Review: The Death of Stalin
Popped over to IFC Center to catch a screening of The Death of Stalin, a razor sharp work of satire from Armando Iannucci, the creator of Veep (which I have not yet seen, but it’s certainly on my list now).
This is dark comedy at its finest—so pitch black that you’ll find your own laughter utterly abhorrent. In the political chess game that is Soviet Russia, there are no heroes—just ruthless, ambitious, and hauntingly human monsters who joke around and fire off witty banter as they sign death warrants, all the while plotting to stab each other in the back at the earliest opportunity. The body count hovers somewhere in the thousands; at one point, Nikita Khrushchev (Steve Buscemi at his bumbling, unassuming best) sacrifices the lives of 1,500 innocent civilians for the sole purpose of humiliating his chief rival. Iannucci wisely keeps much of this violence off screen in order to preserve the humor, but when the narrative takes a dramatic turn in the third act, he keeps his camera trained on the brutality, offering a cold, sobering look at the bloodshed that shaped the history of the world. Such significant tonal shifts aren’t always successful, but here, it’s a stroke of genius, perfectly fitting the film’s central theme (“…one can smile, and smile, and be a villain…”).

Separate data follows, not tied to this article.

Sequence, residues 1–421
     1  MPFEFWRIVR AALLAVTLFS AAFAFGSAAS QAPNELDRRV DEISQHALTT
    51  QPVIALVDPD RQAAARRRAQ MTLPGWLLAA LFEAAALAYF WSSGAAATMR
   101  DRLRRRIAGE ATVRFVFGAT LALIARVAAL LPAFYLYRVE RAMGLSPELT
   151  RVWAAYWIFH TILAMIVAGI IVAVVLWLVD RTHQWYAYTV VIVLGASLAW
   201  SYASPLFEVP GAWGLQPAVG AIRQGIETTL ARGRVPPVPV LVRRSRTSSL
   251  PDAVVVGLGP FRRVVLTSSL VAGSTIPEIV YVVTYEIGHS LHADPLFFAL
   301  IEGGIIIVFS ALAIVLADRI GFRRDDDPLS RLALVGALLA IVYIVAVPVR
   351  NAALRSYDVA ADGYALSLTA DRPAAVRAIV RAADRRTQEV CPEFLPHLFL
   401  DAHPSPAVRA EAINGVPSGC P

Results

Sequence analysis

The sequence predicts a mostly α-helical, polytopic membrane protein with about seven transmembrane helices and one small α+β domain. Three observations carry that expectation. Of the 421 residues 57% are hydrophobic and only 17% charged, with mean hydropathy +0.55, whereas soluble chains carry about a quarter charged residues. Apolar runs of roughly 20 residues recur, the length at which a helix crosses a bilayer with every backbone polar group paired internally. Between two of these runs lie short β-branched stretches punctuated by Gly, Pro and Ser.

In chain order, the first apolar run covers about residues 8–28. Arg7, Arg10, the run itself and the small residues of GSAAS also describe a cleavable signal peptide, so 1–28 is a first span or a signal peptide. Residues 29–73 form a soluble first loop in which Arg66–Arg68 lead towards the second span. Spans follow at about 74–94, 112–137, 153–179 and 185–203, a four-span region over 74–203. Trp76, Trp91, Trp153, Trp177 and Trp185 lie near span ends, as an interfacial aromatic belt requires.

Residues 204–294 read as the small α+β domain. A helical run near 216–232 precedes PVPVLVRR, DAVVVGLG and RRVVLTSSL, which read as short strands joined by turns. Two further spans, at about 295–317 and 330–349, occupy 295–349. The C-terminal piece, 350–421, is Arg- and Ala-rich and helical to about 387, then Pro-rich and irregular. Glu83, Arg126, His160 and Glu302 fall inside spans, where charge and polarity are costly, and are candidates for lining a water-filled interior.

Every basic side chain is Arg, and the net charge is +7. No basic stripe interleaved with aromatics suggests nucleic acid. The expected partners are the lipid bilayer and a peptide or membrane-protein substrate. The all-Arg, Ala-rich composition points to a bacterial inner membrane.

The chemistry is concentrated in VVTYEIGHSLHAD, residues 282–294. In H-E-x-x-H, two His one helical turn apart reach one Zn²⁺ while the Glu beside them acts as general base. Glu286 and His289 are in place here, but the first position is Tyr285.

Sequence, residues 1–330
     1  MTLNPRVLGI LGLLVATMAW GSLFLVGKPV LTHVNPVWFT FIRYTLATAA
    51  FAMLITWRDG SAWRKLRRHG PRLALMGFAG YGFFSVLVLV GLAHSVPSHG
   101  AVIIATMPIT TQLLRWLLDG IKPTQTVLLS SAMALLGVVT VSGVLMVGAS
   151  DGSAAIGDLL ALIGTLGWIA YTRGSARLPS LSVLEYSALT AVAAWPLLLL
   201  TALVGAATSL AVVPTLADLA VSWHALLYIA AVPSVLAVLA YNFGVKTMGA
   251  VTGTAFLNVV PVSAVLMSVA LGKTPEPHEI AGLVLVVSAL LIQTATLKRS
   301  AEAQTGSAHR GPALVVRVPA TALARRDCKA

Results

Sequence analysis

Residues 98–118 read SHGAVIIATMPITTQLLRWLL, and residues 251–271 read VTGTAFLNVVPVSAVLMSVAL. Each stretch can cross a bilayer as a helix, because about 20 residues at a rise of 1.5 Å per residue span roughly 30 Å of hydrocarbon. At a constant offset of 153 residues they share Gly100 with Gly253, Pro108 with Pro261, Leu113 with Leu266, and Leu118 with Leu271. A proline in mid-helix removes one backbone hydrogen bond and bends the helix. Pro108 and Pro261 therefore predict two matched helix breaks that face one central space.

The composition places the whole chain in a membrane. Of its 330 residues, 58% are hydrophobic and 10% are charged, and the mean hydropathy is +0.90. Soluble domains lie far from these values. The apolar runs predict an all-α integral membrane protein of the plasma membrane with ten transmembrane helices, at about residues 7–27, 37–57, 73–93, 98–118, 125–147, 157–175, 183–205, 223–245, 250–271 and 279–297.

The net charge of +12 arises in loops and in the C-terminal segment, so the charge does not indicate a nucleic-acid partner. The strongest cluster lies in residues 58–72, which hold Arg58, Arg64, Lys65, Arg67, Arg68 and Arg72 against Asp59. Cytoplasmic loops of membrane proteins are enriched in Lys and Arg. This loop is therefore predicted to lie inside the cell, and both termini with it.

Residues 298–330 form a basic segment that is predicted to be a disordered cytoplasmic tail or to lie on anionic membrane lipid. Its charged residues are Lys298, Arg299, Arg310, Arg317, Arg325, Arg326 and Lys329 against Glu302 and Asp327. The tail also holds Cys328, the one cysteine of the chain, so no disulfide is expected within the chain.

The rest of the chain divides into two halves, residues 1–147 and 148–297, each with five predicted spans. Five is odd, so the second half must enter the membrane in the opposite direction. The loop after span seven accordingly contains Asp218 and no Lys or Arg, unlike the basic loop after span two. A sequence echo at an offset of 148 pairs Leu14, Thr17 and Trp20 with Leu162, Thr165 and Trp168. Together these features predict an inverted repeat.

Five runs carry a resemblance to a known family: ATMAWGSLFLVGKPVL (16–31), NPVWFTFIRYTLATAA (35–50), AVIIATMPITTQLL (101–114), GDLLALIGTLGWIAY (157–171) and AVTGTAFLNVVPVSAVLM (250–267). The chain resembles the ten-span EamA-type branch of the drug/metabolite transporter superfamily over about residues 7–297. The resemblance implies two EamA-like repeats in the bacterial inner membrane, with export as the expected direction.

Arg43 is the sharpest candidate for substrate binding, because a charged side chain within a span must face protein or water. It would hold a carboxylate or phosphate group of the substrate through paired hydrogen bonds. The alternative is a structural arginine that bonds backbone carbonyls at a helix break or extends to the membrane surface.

As a bonus, the feature presentation was preceded by Dogtor, a delightful animated short about sentient, talking canines struggling to be taken seriously in the workplace. The allegory is a bit obvious, but the story is just so darn adorable that I couldn’t possibly hold that against it.
[Originally written March 9, 2018.]